Chef Clarke got right to work at each of the four buildings last week. She replaces Deb Purcell, who served in the role for more than five years before her retirement last week.

Previously the Food Service Director at Baxter Schools, Chef Clarke comes to Gilbert with more than 20 years of experience in the restaurant and food service industry. She says she has a friend to thank for pointing her in Gilbert’s direction.

“I actually had a close friend who worked here as a long-term (substitute teacher) and I asked her what she thought of Gilbert. She said the processes and routines and families were incredible, and she really sold it for me,” Chef Clarke said. “The opportunity to have multiple buildings and be able to grow a program in a growing community at a school like Gilbert that has a reputation for excellence, it’s just fantastic.”

Chef Clarke grew up just outside of Baltimore, Maryland, and began her culinary career in Little Italy, Baltimore where she learned under well-respected chefs on the east coast.

She moved to Iowa a decade ago to serve as the Regional Operational Lead at Life Time Athletic in Des Moines. She eventually took over as the Associate Director of Food Service at Grinnell College and then moved into a leading role at Baxter Schools, where she was in her third year before accepting the position at Gilbert.

Chef Clarke says the move to Iowa has been all she and her family had hoped for when they made the decision.

“It’s been amazing,” she said. “My parents moved out from Maryland about two yeas ago … we love it here.”

Chef Clarke is excited to get to work with her new Gilbert CSD staff and put her plan in place.

“I love being able to teach the cooking to my team,” she said. “I love homemade cooking from scratch and I’d like to move in that direction instead of processed ingredients. That’s not a tomorrow thing, but the goal is to start that one day a week and go from there.”

Dr. Christine Trujillo, the Superintendent of Gilbert Schools, sees the passion and enthusiasm Chef Clarke brings to her department, and is excited to see her become a leader in the district.

“Chef Clarke brings a new and exciting energy to the nutrition department,” Dr. Trujillo said. “I look forward to watching her creativity come alive in the kitchen for our children.”

Chef Clarke and her husband, William, have two young children: Liam, 8, and McKenna, 5. William is also a former chef and currently serves as an EMT and firefighter. Liam, a second grader, and McKenna, who is in kindergarten, attend school in the West Marshall Community School District.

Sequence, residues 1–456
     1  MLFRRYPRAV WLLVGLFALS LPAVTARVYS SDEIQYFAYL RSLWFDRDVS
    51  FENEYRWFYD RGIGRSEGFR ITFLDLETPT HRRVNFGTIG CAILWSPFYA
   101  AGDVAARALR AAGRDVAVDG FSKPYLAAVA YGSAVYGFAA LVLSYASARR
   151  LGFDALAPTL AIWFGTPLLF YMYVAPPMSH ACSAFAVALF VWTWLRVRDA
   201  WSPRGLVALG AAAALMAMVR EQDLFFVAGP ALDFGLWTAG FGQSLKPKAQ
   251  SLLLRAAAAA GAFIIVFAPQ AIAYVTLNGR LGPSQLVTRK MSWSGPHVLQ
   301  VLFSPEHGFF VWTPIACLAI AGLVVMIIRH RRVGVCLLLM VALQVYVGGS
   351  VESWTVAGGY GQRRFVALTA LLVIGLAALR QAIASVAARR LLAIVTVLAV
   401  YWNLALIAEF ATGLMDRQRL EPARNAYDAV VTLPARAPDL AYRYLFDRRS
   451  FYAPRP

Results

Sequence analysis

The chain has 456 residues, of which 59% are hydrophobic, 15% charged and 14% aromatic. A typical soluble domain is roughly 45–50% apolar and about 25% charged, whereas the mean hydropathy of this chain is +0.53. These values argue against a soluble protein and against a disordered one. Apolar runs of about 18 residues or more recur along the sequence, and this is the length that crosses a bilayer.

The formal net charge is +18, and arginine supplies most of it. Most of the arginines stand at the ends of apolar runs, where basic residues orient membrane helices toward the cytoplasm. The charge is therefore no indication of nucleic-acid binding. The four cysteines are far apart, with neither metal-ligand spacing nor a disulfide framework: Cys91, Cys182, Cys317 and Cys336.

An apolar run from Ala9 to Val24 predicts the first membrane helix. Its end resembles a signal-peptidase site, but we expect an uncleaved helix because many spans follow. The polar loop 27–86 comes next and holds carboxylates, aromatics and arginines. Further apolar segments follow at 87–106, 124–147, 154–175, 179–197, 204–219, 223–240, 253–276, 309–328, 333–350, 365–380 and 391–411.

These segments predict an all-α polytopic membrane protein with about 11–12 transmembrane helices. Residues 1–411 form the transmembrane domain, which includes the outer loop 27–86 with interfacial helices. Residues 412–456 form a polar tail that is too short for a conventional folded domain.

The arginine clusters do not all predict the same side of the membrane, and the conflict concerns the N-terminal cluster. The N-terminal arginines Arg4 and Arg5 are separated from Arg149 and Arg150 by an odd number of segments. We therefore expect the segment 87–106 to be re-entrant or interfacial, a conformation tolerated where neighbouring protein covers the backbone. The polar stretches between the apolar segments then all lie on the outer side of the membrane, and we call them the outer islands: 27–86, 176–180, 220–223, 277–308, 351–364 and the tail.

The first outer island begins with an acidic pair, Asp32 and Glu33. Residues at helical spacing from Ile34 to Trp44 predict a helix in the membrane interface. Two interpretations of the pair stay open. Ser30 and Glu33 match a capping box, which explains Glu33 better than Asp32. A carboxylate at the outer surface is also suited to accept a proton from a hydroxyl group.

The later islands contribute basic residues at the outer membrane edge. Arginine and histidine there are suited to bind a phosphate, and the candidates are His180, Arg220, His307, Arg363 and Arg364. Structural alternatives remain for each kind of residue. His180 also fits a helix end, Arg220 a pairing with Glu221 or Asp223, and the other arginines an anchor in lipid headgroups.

An avid equestrian, Chef Clarke and her family live on a farm where they all spend quality time riding.

“Before getting into the culinary world, I actually rode for many years,” Chef Clarke said. “Now I just do it for fun. We all ride and just have fun with it.”

Dr. Trujillo also wanted to thank Ms. Purcell for her commitment to Gilbert CSD during her years as the Food Service Director.

“I’m so grateful to Deb for her hard work and dedication in the area of nutrition for Gilbert students,” Dr. Trujillo said. “We wish her nothing but the best in retirement.”

Student Synergy Brings Positive Impact to $1 Challenge

A single dollar doesn’t have the buying power in had 20 or 30 years ago. Can you still buy a pack of gum? Maybe. A candy bar? Not likely.

But what can 25 people do when they each take a dollar and pool their resources? Well, now we’re getting somewhere.

That was what was presented to our students in late December when the $1 Challenge returned to the Gilbert Community School District for the second straight year.

And what is the $1 Challenge? In 2022, a generous district family anonymously donated $1 to each of our students with the idea that the students pay it forward in some way to make a positive impact on others, and it was quite successful.

That’s approximately $1,600 donated. Please, give this family a round of applause.

This year, the challenge was, well, more challenging. With synergy and abundance mentality in mind, the students were asked to work together, to pool their money, and find a cause where their combined dollars could have an even greater impact.

The results, which we’ll get to shortly, speak for themselves.